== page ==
“Morsy was clearly acting with some sense of timing: a critical stage in domestic Egyptian politics but also a sense of international opportunity that had to do with Gaza,” said Brown.
Keen on preserving this evolving camaraderie despite domestic turbulence, Morsy issued a statement in English on 14 December, directed at the Western press, defending his recent controversial decree and moves on the basis that the country is under counter-revolutionary threat, and renewing his commitment to dialogue with his opposition.
Meanwhile, one of the strongmen of the Brotherhood, Essam al-Haddad, became further empowered at the presidency, handling the foreign affairs portfolio, sometimes at the expense of involving the foreign ministry. A recent delegation sent by Morsy to Washington and headed by Haddad earlier in December was described by Washington Post editor Jackson Diehl as “fascinating.”
The neighbors
In contrast, European governments, by and large, have not built the same sort of relationships with the new Egyptian president. As disparate actors seeking to coordinate foreign policy through the European Union institutions, they often possess dissimilar interests and differing views of the region.
Michael Mann, the spokesperson for EU foreign affairs chief Catherine Ashton, echoed the Obama administration by calling for political dialogue and restraint on 3 December. Likewise, British Foreign Secretary William Hague released a statement on 6 December that advocated restraint on all sides and dialogue.
However, one day after Morsy’s constitutional declaration was announced, Marietje Schaak, a Dutch member of the European Parliament, warned: “The danger of a presidential tyranny looms.” She advocated an immediate freezing of EU financial assistance to Egypt until the decree was reversed.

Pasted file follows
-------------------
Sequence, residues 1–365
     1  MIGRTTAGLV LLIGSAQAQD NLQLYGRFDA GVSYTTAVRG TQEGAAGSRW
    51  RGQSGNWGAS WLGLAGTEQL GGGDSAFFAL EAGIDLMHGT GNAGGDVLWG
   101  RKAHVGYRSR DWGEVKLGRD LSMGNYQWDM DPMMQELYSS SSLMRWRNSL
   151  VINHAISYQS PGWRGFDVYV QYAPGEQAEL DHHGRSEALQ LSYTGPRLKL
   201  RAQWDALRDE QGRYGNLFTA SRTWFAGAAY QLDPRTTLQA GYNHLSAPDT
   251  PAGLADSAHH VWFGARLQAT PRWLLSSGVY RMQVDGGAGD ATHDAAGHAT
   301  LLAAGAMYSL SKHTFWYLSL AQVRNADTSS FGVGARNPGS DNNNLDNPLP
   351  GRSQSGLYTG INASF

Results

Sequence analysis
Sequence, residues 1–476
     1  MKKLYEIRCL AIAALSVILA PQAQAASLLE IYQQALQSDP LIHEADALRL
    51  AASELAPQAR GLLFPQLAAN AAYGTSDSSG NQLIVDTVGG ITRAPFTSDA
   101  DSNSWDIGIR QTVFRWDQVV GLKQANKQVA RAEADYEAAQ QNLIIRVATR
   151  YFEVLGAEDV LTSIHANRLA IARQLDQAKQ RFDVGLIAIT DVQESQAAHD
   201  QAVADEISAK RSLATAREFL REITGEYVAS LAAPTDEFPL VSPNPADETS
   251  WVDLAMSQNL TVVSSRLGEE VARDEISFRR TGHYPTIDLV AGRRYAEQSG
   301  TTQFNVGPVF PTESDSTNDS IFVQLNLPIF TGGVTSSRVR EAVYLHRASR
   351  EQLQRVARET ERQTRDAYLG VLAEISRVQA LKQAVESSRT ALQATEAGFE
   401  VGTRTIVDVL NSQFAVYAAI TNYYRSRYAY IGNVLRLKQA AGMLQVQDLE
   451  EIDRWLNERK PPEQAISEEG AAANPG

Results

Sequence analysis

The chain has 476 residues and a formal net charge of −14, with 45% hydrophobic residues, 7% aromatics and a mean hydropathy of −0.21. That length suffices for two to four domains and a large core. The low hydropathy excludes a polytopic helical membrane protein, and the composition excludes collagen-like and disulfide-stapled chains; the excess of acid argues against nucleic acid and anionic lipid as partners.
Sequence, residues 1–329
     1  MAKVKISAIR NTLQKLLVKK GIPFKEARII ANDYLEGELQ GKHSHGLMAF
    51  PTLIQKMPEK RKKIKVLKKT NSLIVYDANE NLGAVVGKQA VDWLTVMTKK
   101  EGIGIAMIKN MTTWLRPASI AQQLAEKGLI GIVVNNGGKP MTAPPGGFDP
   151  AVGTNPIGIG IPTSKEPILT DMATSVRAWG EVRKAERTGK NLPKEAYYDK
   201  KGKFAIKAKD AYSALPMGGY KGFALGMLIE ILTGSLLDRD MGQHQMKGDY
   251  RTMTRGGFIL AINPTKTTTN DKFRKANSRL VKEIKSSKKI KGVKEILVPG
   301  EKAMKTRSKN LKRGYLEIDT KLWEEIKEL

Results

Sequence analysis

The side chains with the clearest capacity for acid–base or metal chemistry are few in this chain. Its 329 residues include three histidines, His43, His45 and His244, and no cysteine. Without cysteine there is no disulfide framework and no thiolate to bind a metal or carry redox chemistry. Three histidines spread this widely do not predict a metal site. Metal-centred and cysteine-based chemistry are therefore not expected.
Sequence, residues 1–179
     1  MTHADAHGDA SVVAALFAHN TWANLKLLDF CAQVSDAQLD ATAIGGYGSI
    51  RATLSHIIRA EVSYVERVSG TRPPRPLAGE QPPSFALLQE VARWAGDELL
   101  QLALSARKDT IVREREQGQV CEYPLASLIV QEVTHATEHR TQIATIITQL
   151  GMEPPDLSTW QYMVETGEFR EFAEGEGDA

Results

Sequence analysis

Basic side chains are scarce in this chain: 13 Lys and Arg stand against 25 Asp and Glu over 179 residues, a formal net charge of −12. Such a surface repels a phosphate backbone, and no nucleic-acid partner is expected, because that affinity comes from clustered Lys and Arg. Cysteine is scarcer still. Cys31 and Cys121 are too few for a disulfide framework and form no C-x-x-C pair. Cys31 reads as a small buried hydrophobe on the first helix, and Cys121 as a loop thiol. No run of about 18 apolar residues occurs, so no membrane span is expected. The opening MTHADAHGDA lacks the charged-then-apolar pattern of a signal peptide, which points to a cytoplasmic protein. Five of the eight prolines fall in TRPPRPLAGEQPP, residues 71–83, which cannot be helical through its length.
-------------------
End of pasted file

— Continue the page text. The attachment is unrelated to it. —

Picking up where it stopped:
The following week, Martin Schulz, a German politician and president of the European Parliament, described Morsy’s power grab as “a coup” in the German newspaper Frankfurter Allgemeine Zeitung. He added the EU “must make it absolutely clear that without pluralistic democracy in Egypt there can be neither economic nor political cooperation.”
Meanwhile, with smaller investments and fewer strategic interests in Egypt compared to the US, Europeans can arguably remain more faithful to their stated principles.
The European Bank for Reconstruction and Development (EBRD), for example, has a democracy mandate which conditions investment on tangible movement towards democracy. “What’s happened in the past few weeks could make it more difficult to make investments,” said Erik Berglof, chief economist at the EBRD, commenting on the protests and street battles that followed the constitutional declaration.
However, according to Olaf Boehnke, a German fellow at the European Council on Foreign Relations, Morsy’s retraction of the constitutional declaration on 9 December dialed back the opposition from Europe. “All options are on the table for the government in Cairo to get the EU’s full support,” he said. “The German government has an interest in the transformation process,” Boehnke said, “but we won’t do it at any price.”
This piece was originally published in Egypt Independent's weekly print edition.

Related Articles

Back to top button